As part of the release of my book, Walking as Artistic Practice (pre-orders now open for softcover shipping in April!), I’m going to be publishing some brief interviews with the various artists, authors, researchers, creatives, collectives, and platforms whose art practice, written material, or other works I cite and mention.
My 20th interview in this series is with Kate Green who wanders and wonders (mostly in the Welsh Borders) presenting thoughts on life and landscape with her unique blend of humour, song and gentle satire. Kate’s work is usually springboarded by a walk but is also formed by research, archaeology, geology, social history
and serendipitous conversations.
EM: First, thank you for chatting with me about your work Watershed Line (2021). I cite this work in chapter seven (Place) in the subsection on “Urban versus Rural” How would you describe the work for people who might not be familiar with it?
KG: In 1892, an Act of Parliament allowed the City of Birmingham to claim the gathering grounds, or watershed, of the Elan and Claerwen rivers in Mid Wales. A massive engineering scheme involving thousands of construction workers (navvies) built a series of dams to capture the water and pipe it to Birmingham. The Elan Valley reservoirs still provide the majority of Birmingham’s fresh water.
For Walking the Pipe (2019) I walked the 73 ½ mile aqueduct that caries water from the Elan Valley reservoirs to Birmingham. In Watershed Line (2021) I walked the perimeter of the 72 square mile watershed of the Elan and Claerwen rivers. Mapped and termed the ‘Watershed Line’ by the Victorian engineers surveying the site prior to flooding, this tipping point in the water’s flow is marked with hundreds of concrete posts – some now fallen, sunk into bog, shattered by frost, or hidden by vegetation. On my walk (over 2 weeks) I photographed each of the 540 concrete posts I encountered. During the evenings, staying alone in an off-grid cottage, I recorded my experiences in a journal and composed four songs inspired by my walking, reading and research.
After my residency in the Elan Valley, I became involved in trying to kickstart the renovation of a scale model of the reservoirs in a Birmingham Park. Although this wasn’t successful (yet!) it led to the opportunity to curate the Watershed exhibition, showcasing the Elan Valley artist residency scheme with archives and artefacts. I was also commissioned to create a new interpretation of my concrete post images: a 10m wide, 3m high mural of the images, with their perspective manipulated to face the viewer with a convex dam-like wall.
Watershed at Midlands Arts Centre (June-November 5th 2023) plays on the dual meaning of the term ‘watershed’ – ‘an area of high ground where rain collects, bounded peripherally by a dividing ridge, draining into a particular river or body of water’ but also ‘a significant event or period that represents a change in direction, or tipping point, in how people think about something’. Its climatic message was inspired by Antonio Guterres’ speech at COP27 in 2022: “… our planet is fast approaching tipping points that will make climate chaos irreversible. We are on a highway to climate hell with our foot on the accelerator.”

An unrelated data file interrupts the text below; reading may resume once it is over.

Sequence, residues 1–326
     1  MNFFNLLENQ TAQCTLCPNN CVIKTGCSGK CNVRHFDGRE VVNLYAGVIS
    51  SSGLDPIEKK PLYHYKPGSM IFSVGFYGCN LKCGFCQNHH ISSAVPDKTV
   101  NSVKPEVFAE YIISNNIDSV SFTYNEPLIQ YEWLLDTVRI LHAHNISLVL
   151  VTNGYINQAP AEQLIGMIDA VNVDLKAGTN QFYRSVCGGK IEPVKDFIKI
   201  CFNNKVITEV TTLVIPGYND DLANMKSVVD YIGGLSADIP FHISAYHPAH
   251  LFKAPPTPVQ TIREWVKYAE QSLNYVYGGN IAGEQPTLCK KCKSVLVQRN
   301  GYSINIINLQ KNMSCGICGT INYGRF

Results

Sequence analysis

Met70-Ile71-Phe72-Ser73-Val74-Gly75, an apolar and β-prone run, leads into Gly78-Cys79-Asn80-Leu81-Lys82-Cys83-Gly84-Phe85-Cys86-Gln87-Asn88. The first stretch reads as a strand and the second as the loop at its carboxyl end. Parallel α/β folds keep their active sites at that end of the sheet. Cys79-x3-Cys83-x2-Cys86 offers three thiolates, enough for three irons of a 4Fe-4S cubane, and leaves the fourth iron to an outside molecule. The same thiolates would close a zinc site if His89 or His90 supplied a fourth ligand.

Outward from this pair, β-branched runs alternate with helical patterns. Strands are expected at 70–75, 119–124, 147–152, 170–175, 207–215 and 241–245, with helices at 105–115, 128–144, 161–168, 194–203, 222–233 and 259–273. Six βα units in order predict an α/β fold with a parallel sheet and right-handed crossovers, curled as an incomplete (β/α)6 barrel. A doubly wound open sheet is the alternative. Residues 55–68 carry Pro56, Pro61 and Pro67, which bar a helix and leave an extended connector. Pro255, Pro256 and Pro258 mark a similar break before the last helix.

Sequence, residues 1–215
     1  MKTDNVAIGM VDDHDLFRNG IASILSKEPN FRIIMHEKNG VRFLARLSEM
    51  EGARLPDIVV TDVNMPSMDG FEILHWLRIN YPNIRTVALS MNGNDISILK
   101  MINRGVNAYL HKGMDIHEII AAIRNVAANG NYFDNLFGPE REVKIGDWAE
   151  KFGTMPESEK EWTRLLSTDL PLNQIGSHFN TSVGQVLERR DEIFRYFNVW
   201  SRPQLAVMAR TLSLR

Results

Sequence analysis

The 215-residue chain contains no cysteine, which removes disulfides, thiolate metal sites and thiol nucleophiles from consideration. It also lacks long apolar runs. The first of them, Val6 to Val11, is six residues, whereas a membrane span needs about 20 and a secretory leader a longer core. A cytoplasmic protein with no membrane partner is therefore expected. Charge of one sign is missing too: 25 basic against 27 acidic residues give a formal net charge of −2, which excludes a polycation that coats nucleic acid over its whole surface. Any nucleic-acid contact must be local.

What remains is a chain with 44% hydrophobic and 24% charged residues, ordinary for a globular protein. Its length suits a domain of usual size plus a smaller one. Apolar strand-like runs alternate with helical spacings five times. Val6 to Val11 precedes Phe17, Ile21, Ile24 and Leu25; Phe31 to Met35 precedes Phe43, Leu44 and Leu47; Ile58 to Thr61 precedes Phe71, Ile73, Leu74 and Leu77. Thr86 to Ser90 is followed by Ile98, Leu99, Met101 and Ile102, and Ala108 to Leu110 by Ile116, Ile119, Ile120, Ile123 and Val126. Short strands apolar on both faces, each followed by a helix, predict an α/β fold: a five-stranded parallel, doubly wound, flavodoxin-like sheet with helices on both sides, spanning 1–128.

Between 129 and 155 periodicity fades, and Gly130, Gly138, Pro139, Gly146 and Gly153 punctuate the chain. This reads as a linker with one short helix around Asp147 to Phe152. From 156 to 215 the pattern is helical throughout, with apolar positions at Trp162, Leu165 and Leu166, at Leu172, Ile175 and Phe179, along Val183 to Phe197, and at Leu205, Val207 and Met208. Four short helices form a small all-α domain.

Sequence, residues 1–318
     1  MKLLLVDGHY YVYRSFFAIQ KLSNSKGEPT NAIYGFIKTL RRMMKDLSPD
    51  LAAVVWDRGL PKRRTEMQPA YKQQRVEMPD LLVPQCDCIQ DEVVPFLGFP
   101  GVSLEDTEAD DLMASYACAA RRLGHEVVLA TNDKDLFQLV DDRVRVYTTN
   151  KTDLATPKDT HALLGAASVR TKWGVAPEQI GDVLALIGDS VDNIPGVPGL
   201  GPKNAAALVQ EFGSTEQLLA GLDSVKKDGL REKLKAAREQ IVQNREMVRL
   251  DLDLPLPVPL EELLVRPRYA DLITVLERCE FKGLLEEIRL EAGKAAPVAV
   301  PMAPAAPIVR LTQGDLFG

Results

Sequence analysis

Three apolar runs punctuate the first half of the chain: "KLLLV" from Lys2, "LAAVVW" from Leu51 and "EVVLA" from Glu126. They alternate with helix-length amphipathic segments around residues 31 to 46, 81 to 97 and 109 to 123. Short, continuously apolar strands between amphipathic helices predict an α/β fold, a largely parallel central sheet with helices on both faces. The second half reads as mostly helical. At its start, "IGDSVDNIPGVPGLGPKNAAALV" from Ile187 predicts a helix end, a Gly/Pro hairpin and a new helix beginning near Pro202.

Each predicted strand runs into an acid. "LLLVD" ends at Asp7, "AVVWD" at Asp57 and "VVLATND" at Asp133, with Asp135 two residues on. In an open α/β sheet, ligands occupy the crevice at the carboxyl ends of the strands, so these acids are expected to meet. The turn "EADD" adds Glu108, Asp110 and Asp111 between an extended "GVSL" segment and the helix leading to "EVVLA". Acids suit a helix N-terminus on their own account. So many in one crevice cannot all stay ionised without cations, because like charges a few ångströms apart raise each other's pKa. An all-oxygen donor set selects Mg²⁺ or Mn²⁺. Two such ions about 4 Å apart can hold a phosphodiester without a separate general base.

EM: What are your thoughts on walking as artistic practice?
KG: Goodness that’s a big question. I’m not sure I can answer in one sitting. But I would say that I am not an artist for whom only the walk is the work. For me, the walk is part of the work. It may be that a piece of research or a story leads to a walk, or a walk inspires a creative response – be it song, sculpture, drawing, a gathering or happening maybe. But a walk is always there somewhere in the creative journey, and the other forms within the work could not exist without the walk.
EM: Can you tell us about any recent or upcoming projects you are excited about?
KG: I am currently resident artist at the Sidney Nolan Trust. Inspired by research into Nolan’s 1964 trip to Antarctica, I am working on a project about Glacial Lake Wigmore, a lake that filled a North Herefordshire valley (right on my doorstep, so far easier to reach than Antarctica!) 20,000 years ago. Geological research suggests that the highest water level reached is indicated on the modern OS map by the 130m contour line. Due to the erosion of a gorge and centuries of agricultural drainage, only a few marshy areas now remain. I have been walking the once-shoreline, beachcombing stories: geographical, archaeological and personal. The shape of the lake has become a motif in my drawings and I’m in the process of composing and arranging new songs in response to my own journey of exploration in the ice.